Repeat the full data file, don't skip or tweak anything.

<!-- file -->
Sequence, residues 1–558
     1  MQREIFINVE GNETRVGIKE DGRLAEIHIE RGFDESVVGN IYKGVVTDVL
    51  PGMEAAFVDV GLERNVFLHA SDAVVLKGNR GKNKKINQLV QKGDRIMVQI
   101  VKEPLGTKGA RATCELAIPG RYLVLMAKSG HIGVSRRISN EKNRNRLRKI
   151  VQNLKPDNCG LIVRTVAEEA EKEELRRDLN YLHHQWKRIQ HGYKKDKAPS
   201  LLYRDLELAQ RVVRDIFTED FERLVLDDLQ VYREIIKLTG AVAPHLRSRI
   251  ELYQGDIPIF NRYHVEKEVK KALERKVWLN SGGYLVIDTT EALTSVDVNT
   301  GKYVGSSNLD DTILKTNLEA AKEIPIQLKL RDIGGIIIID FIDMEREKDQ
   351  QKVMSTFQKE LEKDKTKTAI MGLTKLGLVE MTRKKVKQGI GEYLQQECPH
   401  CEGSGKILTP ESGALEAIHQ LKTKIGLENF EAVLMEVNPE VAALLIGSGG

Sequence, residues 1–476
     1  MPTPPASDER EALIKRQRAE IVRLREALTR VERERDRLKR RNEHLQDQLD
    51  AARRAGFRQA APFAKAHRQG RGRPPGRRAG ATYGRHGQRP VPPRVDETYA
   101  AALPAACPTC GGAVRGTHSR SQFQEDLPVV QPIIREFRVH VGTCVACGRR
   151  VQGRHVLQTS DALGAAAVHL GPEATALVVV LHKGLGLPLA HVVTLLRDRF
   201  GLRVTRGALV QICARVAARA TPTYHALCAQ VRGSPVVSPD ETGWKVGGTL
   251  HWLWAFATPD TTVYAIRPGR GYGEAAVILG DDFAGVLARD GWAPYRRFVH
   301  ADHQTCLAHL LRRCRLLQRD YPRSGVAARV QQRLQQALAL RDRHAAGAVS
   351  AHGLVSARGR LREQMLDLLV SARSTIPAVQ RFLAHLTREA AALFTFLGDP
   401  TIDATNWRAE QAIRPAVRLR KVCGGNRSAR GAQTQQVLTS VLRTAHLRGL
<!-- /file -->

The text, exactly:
Sequence, residues 1–558
     1  MQREIFINVE GNETRVGIKE DGRLAEIHIE RGFDESVVGN IYKGVVTDVL
    51  PGMEAAFVDV GLERNVFLHA SDAVVLKGNR GKNKKINQLV QKGDRIMVQI
   101  VKEPLGTKGA RATCELAIPG RYLVLMAKSG HIGVSRRISN EKNRNRLRKI
   151  VQNLKPDNCG LIVRTVAEEA EKEELRRDLN YLHHQWKRIQ HGYKKDKAPS
   201  LLYRDLELAQ RVVRDIFTED FERLVLDDLQ VYREIIKLTG AVAPHLRSRI
   251  ELYQGDIPIF NRYHVEKEVK KALERKVWLN SGGYLVIDTT EALTSVDVNT
   301  GKYVGSSNLD DTILKTNLEA AKEIPIQLKL RDIGGIIIID FIDMEREKDQ
   351  QKVMSTFQKE LEKDKTKTAI MGLTKLGLVE MTRKKVKQGI GEYLQQECPH
   401  CEGSGKILTP ESGALEAIHQ LKTKIGLENF EAVLMEVNPE VAALLIGSGG

Sequence, residues 1–476
     1  MPTPPASDER EALIKRQRAE IVRLREALTR VERERDRLKR RNEHLQDQLD
    51  AARRAGFRQA APFAKAHRQG RGRPPGRRAG ATYGRHGQRP VPPRVDETYA
   101  AALPAACPTC GGAVRGTHSR SQFQEDLPVV QPIIREFRVH VGTCVACGRR
   151  VQGRHVLQTS DALGAAAVHL GPEATALVVV LHKGLGLPLA HVVTLLRDRF
   201  GLRVTRGALV QICARVAARA TPTYHALCAQ VRGSPVVSPD ETGWKVGGTL
   251  HWLWAFATPD TTVYAIRPGR GYGEAAVILG DDFAGVLARD GWAPYRRFVH
   301  ADHQTCLAHL LRRCRLLQRD YPRSGVAARV QQRLQQALAL RDRHAAGAVS
   351  AHGLVSARGR LREQMLDLLV SARSTIPAVQ RFLAHLTREA AALFTFLGDP
   401  TIDATNWRAE QAIRPAVRLR KVCGGNRSAR GAQTQQVLTS VLRTAHLRGL